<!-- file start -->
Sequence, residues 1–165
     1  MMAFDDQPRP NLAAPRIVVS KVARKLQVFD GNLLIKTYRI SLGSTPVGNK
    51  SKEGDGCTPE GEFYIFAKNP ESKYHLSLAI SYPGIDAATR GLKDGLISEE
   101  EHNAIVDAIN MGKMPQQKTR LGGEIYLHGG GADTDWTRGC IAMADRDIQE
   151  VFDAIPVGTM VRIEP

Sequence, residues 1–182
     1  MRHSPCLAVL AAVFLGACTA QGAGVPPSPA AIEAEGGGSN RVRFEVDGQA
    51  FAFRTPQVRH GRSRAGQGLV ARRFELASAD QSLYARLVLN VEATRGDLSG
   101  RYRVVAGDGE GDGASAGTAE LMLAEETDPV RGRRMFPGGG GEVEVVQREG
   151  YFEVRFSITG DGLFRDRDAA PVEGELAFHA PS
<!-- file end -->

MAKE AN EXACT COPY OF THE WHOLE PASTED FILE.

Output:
Sequence, residues 1–165
     1  MMAFDDQPRP NLAAPRIVVS KVARKLQVFD GNLLIKTYRI SLGSTPVGNK
    51  SKEGDGCTPE GEFYIFAKNP ESKYHLSLAI SYPGIDAATR GLKDGLISEE
   101  EHNAIVDAIN MGKMPQQKTR LGGEIYLHGG GADTDWTRGC IAMADRDIQE
   151  VFDAIPVGTM VRIEP

Sequence, residues 1–182
     1  MRHSPCLAVL AAVFLGACTA QGAGVPPSPA AIEAEGGGSN RVRFEVDGQA
    51  FAFRTPQVRH GRSRAGQGLV ARRFELASAD QSLYARLVLN VEATRGDLSG
   101  RYRVVAGDGE GDGASAGTAE LMLAEETDPV RGRRMFPGGG GEVEVVQREG
   151  YFEVRFSITG DGLFRDRDAA PVEGELAFHA PS